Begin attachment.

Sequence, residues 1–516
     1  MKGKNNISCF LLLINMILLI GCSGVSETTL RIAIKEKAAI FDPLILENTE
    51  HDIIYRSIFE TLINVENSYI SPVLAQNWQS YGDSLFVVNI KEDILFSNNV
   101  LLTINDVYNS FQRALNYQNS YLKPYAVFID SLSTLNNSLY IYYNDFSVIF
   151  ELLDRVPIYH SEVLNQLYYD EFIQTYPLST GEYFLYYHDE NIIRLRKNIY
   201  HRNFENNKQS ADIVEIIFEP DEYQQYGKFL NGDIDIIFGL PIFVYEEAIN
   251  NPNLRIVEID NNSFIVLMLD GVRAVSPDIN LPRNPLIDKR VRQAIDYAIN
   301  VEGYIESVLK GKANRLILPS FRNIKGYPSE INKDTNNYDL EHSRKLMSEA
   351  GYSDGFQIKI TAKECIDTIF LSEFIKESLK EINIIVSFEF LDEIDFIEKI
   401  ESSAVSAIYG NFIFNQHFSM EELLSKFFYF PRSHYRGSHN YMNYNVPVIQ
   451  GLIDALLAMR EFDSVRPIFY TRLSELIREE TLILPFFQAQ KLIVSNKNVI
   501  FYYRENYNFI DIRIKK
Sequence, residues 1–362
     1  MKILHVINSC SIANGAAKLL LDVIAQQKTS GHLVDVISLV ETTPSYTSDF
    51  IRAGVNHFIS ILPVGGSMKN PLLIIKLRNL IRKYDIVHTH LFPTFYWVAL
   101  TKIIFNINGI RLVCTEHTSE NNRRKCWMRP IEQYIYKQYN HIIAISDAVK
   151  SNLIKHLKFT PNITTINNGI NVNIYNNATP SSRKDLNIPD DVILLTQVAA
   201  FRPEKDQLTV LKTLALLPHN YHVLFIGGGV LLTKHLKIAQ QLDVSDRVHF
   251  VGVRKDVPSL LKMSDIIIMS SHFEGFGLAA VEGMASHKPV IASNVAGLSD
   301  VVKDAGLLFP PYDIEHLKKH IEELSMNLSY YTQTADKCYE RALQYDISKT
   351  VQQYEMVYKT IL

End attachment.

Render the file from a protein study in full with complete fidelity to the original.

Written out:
Sequence, residues 1–516
     1  MKGKNNISCF LLLINMILLI GCSGVSETTL RIAIKEKAAI FDPLILENTE
    51  HDIIYRSIFE TLINVENSYI SPVLAQNWQS YGDSLFVVNI KEDILFSNNV
   101  LLTINDVYNS FQRALNYQNS YLKPYAVFID SLSTLNNSLY IYYNDFSVIF
   151  ELLDRVPIYH SEVLNQLYYD EFIQTYPLST GEYFLYYHDE NIIRLRKNIY
   201  HRNFENNKQS ADIVEIIFEP DEYQQYGKFL NGDIDIIFGL PIFVYEEAIN
   251  NPNLRIVEID NNSFIVLMLD GVRAVSPDIN LPRNPLIDKR VRQAIDYAIN
   301  VEGYIESVLK GKANRLILPS FRNIKGYPSE INKDTNNYDL EHSRKLMSEA
   351  GYSDGFQIKI TAKECIDTIF LSEFIKESLK EINIIVSFEF LDEIDFIEKI
   401  ESSAVSAIYG NFIFNQHFSM EELLSKFFYF PRSHYRGSHN YMNYNVPVIQ
   451  GLIDALLAMR EFDSVRPIFY TRLSELIREE TLILPFFQAQ KLIVSNKNVI
   501  FYYRENYNFI DIRIKK
Sequence, residues 1–362
     1  MKILHVINSC SIANGAAKLL LDVIAQQKTS GHLVDVISLV ETTPSYTSDF
    51  IRAGVNHFIS ILPVGGSMKN PLLIIKLRNL IRKYDIVHTH LFPTFYWVAL
   101  TKIIFNINGI RLVCTEHTSE NNRRKCWMRP IEQYIYKQYN HIIAISDAVK
   151  SNLIKHLKFT PNITTINNGI NVNIYNNATP SSRKDLNIPD DVILLTQVAA
   201  FRPEKDQLTV LKTLALLPHN YHVLFIGGGV LLTKHLKIAQ QLDVSDRVHF
   251  VGVRKDVPSL LKMSDIIIMS SHFEGFGLAA VEGMASHKPV IASNVAGLSD
   301  VVKDAGLLFP PYDIEHLKKH IEELSMNLSY YTQTADKCYE RALQYDISKT
   351  VQQYEMVYKT IL